(Repeats Nov. 22 column)
* Trading revenues to offset loan losses again
* Profit expected, but barely above year-ago levels
* Core earnings likely obscured by clean-up accounting
TORONTO, Nov 23 (Reuters) - It was supposed to be a year of blood-letting, but Canada's big banks are poised to close 2009 with another decent quarter as strong trading revenues again offset big loan losses.
After stronger-than-expected performances through the worst of the financial crisis, Canadian lenders should report a profitable final quarter of their fiscal 2009, which ended in October. But it may not be pretty.
"I usually refer to it as a kitchen-sink quarter," said Barclays Capital analyst John Aiken, warning of the habit banks have of throwing one-time charges into the final quarter to tidy up the books for the new year.
The quarter will likely include smallish writedowns or restructuring charges, but analysts predict the lenders will chalk up enough revenue from capital markets and interest margins to offset money they put aside for bad loans.
It is less clear if the overall profit will outshine that of the fourth quarter of 2008. Some say earnings will be a bit better than a year ago; others think they may be a bit worse.
"Regardless of what happens in the fourth quarter, we have arrived at the end of a year that must be labeled 'better than expected'," National Bank analyst Rob Sedran said in a research note, predicting core cash earnings per share to be flat from a year ago and down about 6 percent from the third quarter.
Canada's six biggest banks -- Royal Bank of Canada (RY.TO), Toronto-Dominion Bank (TD.TO), Bank of Nova Scotia (BNS.TO), Bank of Montreal (BMO.TO), Canadian Imperial Bank of Commerce (CM.TO) and National Bank of Canada (NA.TO) -- report fourth-quarter results between Nov. 24 and Dec. 8.
END IN SIGHT FOR BAD CREDIT?
As in previous quarters, the banks will grapple with big provisions for credit losses. Unemployment means consumers can't repay their loans and credit cards, and businesses are expected to increase defaults in the quarters ahead.
And the worst of the credit woes may be ahead. While the fourth quarter is expected to show another uptick in provisions for losses -- in the area of C$2.3 billion ($2.1 billion), according to CIBC analysts -- several experts forecast a peak in credit losses in the first or second quarter of 2010.
That sets the stage for a recovery in core earnings beginning the following year, making 2011 the year to judge each bank's underlying earnings power.
"While we expect aggregate loan losses to continue trending upward in the fourth quarter, along with unemployment rates, we believe that the Canadian banks are close to seeing loan losses peak," CIBC analyst Darko Mihelic said.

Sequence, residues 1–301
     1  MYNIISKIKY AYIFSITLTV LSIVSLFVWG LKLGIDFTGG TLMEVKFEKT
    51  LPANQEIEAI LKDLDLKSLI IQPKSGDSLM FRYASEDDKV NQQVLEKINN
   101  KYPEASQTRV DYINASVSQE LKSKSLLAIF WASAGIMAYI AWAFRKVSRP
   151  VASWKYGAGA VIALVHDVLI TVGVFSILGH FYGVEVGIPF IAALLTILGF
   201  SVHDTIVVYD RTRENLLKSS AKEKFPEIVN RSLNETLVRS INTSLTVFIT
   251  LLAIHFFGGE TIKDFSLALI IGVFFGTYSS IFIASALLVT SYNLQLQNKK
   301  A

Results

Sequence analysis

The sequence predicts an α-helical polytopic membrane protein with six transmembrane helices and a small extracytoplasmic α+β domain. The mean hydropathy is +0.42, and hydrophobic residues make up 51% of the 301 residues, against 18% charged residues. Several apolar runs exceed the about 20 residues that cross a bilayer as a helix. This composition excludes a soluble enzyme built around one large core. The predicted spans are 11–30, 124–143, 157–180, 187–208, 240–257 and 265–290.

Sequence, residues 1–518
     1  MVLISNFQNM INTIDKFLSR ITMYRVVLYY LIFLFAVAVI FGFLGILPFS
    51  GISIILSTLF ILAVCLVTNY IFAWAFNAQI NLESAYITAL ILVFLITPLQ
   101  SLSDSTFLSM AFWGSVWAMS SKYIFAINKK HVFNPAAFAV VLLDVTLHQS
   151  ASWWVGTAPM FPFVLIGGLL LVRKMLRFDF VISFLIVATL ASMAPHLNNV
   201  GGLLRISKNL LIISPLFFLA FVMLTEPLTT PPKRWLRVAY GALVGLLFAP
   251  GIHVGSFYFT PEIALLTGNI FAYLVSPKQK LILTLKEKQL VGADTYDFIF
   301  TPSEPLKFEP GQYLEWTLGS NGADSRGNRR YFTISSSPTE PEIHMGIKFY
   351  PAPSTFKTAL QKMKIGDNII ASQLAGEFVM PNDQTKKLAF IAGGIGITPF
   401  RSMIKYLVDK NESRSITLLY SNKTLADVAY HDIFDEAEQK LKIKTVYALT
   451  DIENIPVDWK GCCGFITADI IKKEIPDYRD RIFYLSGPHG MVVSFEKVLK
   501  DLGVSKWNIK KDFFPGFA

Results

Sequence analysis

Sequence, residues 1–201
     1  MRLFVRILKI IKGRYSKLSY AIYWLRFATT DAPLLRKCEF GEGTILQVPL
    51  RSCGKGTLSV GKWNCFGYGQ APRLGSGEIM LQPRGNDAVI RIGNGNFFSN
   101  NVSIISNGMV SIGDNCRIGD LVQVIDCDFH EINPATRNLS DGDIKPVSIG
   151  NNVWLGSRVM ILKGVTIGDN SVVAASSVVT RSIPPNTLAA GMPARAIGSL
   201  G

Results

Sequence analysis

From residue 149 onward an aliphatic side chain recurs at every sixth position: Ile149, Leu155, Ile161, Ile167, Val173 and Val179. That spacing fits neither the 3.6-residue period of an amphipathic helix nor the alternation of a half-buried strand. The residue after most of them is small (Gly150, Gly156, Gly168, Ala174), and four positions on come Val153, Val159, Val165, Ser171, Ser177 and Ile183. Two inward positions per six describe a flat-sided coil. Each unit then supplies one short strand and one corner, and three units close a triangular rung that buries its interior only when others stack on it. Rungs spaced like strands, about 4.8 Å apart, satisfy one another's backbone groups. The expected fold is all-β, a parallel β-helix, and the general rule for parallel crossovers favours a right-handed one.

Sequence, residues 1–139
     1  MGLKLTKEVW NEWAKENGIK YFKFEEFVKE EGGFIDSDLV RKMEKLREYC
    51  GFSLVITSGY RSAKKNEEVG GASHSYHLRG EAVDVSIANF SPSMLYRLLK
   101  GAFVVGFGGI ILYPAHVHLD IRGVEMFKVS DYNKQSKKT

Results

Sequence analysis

Credit woes are standard in economic downturns, but the banks surprised many this year with their ability to churn out healthy revenues from capital-markets related business such as trading. Volatile markets meant more trades and more fees, boosting earnings.
BRIDGE TO BETTER DAYS
Analysts generally view trading revenues as less valuable than loan growth or plain-vanilla banking gains because they are so unreliable. But National Bank's Sedran said profits from trading were an acceptable way to cope with tough times.
"Fussing over earnings quality is a bull market luxury. More important to us is the existence of those earnings that act as a bridge to better days," Sedran wrote.
Trading revenues will be lower than the record-setting third quarter, but are expected to be nearly double the fourth quarter of 2008, when the banks suffered severe trading losses. CIBC's Mihelic estimated C$2.2 billion in trading revenues -- nearly offsetting the C$2.3 billion in loan losses.
Next year will also be tougher as global rivals recover from the crisis and compete more fiercely for business.
Still, Canadian banks are outshining competitors on the capital front, boasting ratios well above both regulatory minimums and internal targets.
The big Canadian banks raised equity early in the year to bolster balance sheets, driving the average Tier 1 capital ratio to 11.6 percent by the end of the third quarter, according to UBS equity research.
No one expects those heady capital levels to be brought down yet through dividend increases or share buybacks.
But the guessing game of which bank will raise its dividend first has already begun. Macquarie analyst Sumit Malhotra believes National Bank and Royal Bank may be the first -- just not in time for the fourth-quarter reporting season.
($1=$1.07 Canadian) (Editing by Janet Guttsman) ((email@example.com; +1 416 941 8159; Reuters Messaging:firstname.lastname@example.org))